Mortgage stress test rules may be pushing borrowers towards unregulated lenders


The Bank of Canada released information this week that shows stricter mortgage rules along with euphoric interest rates have helped slow the growth of risky mortgages, but some economists suspect whether over-leveraged borrowers are simply turning to the unregulated mortgage shop.

The central bank’s analysis said tougher mortgage qualification probes have helped to drastically cut the share of people who borrow at least 4.5 times their annual return to buy a home, and put down small down payments when they do.

Two years ago, that area of borrowers made up 20 per cent of the market. Now it’s down to just 6 per cent, the Bank of Canada reckons.

But the central bank’s numbers are limited to what’s happening at federally maintained institutions such as the country’s largest banks. What’s happening at unregulated clandestine lenders isn’t included. 

Private lenders don’t have to comply with federal rules, classifying Ottawa’s tougher mortgage stress tests.

“Areas with hilarious house prices, such as the Greater Toronto Area (GTA), could accordingly see more borrowers obtaining mortgages from private lenders because they potency not be able to qualify with other lenders,” according to the bank’s interpretation. 

While private lending falls outside of its purview, the central bank accepts that it’s a part of the market that’s growing. For example, the market share out for private lenders in the GTA has grown by 50 per cent since last year, and now coins up nearly one out of every 10 borrowers, the bank said.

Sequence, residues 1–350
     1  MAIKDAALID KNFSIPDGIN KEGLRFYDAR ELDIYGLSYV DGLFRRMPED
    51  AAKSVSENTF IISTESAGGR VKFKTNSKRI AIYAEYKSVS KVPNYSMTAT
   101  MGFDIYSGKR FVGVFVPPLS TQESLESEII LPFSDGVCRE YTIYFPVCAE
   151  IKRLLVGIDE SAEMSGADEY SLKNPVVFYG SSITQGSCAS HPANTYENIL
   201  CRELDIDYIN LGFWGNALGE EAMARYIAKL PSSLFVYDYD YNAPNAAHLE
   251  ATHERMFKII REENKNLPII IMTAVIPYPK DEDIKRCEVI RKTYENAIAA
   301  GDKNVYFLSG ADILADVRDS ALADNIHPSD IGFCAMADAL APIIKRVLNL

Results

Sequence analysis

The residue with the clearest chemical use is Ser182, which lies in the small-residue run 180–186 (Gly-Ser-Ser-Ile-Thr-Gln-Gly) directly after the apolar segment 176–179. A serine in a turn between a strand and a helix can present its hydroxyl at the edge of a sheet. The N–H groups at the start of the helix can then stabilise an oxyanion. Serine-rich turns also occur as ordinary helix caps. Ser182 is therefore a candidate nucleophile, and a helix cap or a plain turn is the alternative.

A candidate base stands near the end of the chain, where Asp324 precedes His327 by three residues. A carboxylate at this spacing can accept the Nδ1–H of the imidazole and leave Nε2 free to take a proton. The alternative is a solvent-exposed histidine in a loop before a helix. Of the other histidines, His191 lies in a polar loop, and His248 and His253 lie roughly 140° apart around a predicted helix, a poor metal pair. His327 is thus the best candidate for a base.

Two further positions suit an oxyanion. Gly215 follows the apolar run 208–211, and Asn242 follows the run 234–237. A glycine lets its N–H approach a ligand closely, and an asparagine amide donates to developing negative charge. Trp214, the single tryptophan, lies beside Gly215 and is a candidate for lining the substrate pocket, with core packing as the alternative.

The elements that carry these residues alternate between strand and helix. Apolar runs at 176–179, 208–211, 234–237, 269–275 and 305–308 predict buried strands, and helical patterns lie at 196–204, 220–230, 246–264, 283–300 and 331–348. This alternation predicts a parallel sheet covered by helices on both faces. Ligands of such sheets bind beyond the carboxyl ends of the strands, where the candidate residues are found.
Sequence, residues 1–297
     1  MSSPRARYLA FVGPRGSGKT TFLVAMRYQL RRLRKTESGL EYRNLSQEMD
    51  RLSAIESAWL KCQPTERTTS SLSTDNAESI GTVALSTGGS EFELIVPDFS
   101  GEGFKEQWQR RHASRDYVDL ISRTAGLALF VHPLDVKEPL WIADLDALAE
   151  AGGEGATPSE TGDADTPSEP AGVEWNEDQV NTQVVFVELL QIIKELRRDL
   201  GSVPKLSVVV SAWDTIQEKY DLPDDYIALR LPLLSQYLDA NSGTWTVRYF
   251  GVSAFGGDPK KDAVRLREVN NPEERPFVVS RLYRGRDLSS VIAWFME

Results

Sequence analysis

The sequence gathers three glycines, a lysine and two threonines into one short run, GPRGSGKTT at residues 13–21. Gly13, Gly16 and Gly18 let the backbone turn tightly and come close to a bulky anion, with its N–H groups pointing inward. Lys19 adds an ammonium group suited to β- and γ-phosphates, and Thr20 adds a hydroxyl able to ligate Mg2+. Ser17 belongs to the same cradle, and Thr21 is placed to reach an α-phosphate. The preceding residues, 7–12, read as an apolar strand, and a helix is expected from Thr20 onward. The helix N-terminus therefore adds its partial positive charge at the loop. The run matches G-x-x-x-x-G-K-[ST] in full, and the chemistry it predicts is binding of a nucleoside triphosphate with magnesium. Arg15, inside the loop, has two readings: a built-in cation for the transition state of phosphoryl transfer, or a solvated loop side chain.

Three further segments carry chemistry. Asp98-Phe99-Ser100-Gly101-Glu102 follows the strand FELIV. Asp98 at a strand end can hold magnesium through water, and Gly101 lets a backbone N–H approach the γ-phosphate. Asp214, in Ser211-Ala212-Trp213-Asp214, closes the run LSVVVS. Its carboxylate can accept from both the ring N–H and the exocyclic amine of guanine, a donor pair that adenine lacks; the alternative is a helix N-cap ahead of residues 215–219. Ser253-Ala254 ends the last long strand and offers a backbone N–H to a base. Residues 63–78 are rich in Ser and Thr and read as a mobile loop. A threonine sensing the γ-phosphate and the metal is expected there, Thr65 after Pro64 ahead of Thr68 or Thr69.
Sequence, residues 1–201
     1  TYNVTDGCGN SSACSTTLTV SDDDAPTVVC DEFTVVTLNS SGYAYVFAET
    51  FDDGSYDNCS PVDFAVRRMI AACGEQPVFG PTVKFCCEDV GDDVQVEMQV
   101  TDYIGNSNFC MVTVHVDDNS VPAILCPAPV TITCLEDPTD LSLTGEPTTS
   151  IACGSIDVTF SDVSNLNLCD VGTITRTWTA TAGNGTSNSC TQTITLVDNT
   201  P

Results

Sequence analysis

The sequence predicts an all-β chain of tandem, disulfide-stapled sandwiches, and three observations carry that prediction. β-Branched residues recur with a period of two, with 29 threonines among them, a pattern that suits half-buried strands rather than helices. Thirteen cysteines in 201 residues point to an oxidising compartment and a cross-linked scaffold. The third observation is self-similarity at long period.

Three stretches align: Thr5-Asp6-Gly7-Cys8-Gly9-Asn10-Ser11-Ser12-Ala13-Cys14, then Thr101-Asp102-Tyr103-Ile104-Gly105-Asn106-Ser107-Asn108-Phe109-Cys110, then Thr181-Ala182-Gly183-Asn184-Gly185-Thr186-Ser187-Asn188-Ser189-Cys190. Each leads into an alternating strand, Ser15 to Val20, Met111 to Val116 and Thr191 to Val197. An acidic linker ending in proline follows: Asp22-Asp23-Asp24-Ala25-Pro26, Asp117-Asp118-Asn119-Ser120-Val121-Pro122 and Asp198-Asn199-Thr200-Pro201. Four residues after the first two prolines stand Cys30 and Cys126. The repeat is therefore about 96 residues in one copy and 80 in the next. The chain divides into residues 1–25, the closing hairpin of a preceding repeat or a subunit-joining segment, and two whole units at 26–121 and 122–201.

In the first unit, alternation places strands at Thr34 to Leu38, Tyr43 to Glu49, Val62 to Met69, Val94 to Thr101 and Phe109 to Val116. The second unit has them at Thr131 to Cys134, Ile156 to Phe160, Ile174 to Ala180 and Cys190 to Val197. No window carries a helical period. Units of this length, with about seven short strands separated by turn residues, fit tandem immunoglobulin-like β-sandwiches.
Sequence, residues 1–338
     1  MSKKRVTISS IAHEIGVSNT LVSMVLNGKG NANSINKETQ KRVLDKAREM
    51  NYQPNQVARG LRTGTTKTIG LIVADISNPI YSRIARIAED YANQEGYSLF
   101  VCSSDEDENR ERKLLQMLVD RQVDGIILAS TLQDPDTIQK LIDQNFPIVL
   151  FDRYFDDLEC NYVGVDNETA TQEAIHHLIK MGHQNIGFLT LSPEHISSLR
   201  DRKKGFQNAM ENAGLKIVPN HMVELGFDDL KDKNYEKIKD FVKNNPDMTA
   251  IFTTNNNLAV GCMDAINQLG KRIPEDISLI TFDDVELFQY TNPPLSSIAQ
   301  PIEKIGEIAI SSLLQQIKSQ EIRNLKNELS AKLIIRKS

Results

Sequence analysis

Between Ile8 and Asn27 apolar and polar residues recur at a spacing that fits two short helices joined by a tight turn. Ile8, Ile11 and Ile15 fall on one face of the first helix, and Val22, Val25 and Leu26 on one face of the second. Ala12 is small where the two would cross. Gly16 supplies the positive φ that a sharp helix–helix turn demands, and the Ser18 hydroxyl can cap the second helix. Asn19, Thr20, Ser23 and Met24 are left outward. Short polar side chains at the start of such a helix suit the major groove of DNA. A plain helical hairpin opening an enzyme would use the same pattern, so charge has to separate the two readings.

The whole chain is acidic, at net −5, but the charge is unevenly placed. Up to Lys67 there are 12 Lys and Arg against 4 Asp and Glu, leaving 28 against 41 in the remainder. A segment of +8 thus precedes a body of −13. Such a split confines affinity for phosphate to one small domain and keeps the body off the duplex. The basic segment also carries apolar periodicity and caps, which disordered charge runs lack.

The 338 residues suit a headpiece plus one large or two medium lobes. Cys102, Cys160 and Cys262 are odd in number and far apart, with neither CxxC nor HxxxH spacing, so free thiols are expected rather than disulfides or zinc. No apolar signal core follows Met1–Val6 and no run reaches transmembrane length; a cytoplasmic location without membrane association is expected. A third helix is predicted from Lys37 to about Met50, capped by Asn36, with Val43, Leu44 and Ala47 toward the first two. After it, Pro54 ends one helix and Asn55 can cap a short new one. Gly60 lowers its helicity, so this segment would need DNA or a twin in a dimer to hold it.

Unregulated be fitting isn’t inherently risky — but it is difficult for analysts to monitor.

“We are getting into a employment in which the fastest growing segment of the market is the one that is in the dark, and that’s suboptimal,” maintained CIBC deputy chief economist Benjamin Tal.

Without more dope about what’s happening in the private market, Tal said it’s unclear whether the prime bank’s policy changes are simply spreading risk around — as contested to reducing it. 

“It’s definitely lowering the risk in the regulated segment of the market, the suspect is whether or not it’s lowering the risk in the market as a whole,” said Tal.

Consumer insolvencies on the field of vision

Bankruptcy experts said current data isn’t giving a full image of Canadians’ overall debt either.

Consumer insolvencies peaked during the 2007-08 economic crisis and have been relatively stable since 2012. Throughout 120,000 Canadians went insolvent last year, less than 0.4 per cent of the state’s population. But experts in the field know there’s a delay between when concerned about rates go up and when that finally pushes people over the tense.

“Historically, there has been a two year lag from the time interest classifies begin to rise and when consumer insolvencies start to increase,” mean Chantal Gingras, chair of the Canadian Association of Insolvency and Restructuring Past masters.

So far, higher rates are mainly hitting variable rate mortgage holders, but most Canadians who bum to buy a home opt for a fixed-rate term, which insulates them from measure hikes — for now. When those people renew in an era of higher rates, they could be in for a valued shock.

“At one point,” said Gingras, “consumers will hit a wall.” 

Even, the Bank of Canada was confident when it hiked interest rates in October that households are rectifying to higher rates and housing market policies.

Based on the central bank’s scrutiny this week, Scotiabank deputy chief economist Brett House of ill repute said it seems as though the slew of recent policy changes are doing what they were mapped to do — but he’d still like to see more data. 

“It doesn’t get down as much into the weeds on the bumping of the [mortgage] rules as I’d ideally like,” said House

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